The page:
Speaker Cable vs Guitar Cable

Speaker Cable vs Guitar Cable: What Are The Differences Between Them?

If you’ve been working with speakers and instruments long enough in either your studio or the stage, you might have encountered the debacle regarding speaker cables and guitar cables.

You might know that they have different purposes and that you should properly note which one you’re using and know their differences.

There are some key differences between the two that once you learn will help you understand how both of them work.

Our speaker cable vs. guitar cable guide will also help you understand why it is a bad idea to mix and match these cables and their corresponding devices.

Impedance Matching

Before we jump onto the defining features of the two cables, it is worth looking at an important topic that doesn’t get covered often. While there is a lot of details regarding impedance, in easy terms, it is simply the effective resistance of a circuit.

Impedance matching is simply making sure your amplifier or speakers works within its proper impedance range.

As you might know, the lower the resistance in the circuit, the more the current flows, and in turn, a higher power is delivered to the speaker or amplifier. The volume of a speaker is altered by changing its resistance, which either increases or decreases the current flow.

Amplifiers are used to drive speakers, but if their impedances don’t match up, the current flowing through might be too much, causing them to overheat. Impedance matching is important to ensure that the proper amount of power is delivered and to prevent overheating or device failure.

Cable Characteristics

Unless you stare at them closely enough or know where to look, you might feel that both the cables look the same. Both wires consist of copper cores with a rubber coating. They have connectors made usually out of nickel. However, speaker cables tend to be larger while guitar cables make use of smaller wires.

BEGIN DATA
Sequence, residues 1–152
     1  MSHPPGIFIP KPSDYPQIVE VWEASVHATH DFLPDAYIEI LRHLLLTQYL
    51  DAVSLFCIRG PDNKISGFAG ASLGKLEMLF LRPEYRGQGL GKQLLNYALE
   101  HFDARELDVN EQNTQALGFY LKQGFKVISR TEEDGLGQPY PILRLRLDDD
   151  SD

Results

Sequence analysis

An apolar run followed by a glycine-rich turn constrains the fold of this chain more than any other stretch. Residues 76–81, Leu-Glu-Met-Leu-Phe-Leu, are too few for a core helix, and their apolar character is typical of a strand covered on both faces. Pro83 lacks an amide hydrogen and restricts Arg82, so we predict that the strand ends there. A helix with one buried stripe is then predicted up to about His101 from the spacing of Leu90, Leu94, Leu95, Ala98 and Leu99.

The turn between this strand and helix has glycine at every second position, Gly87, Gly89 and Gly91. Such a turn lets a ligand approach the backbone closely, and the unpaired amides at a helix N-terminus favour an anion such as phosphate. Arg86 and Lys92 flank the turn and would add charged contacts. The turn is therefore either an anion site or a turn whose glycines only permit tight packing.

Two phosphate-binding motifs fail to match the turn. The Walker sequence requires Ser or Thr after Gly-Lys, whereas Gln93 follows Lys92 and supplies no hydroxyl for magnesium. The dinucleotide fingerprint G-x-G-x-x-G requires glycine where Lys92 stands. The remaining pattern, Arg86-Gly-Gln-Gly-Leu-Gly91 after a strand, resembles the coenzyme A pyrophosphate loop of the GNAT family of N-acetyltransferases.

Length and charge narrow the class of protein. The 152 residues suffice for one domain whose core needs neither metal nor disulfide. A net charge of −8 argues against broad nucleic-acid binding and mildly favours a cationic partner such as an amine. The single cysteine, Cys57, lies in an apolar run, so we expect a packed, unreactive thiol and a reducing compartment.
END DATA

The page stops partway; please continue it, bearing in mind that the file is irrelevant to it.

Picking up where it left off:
Guitar Cable Characteristics

Speaker Cable vs Guitar Cable

Guitar cables are also known as instrument cables and, as you might guess, are primarily used for instruments. These cables consist of a primary current-carrying wire called the signal wire. There is also another wire or conductor that is wrapped around the signal wire like a braid.

This secondary wire provides both a ground connection as well as shielding. And this shielding aspect is important as due to the small size of the wire, guitar cables tend to carry small currents. These are very susceptible to interference, and the braided wire protects the signal wire from outside sources.

The principle behind guitar cables is to make low power and high impedance cable. As it’s been said before, the small size of the wire provides a high resistance path for the current. This signal is then sent to the amplifier where it is boosted.

Speaker Cable Characteristics

Guitar Cable vs Speaker Cable

Speaker cables have two wire conductors, and neither of them is wrapped around like the shield conductor in a guitar cable. So speaker cables have no shielding, unlike guitar cables. Although speaker cables tend to carry larger signals which aren’t as susceptible to interference.

The conducting wires of a speaker cable tend to be much larger in diameter. So speaker cables tend to be heavier and bigger than guitar cables. Since the wires are bigger, there is more space for the current to flow and so the resistance in the conducting wires is less.

Hence speaker wires deliver higher power, which is often needed to drive the speakers.

While guitar cables focus on higher impedance and lower power, speaker cables focus on the opposite. This is necessary to ensure the signal flows from the amplifier to the speakers properly.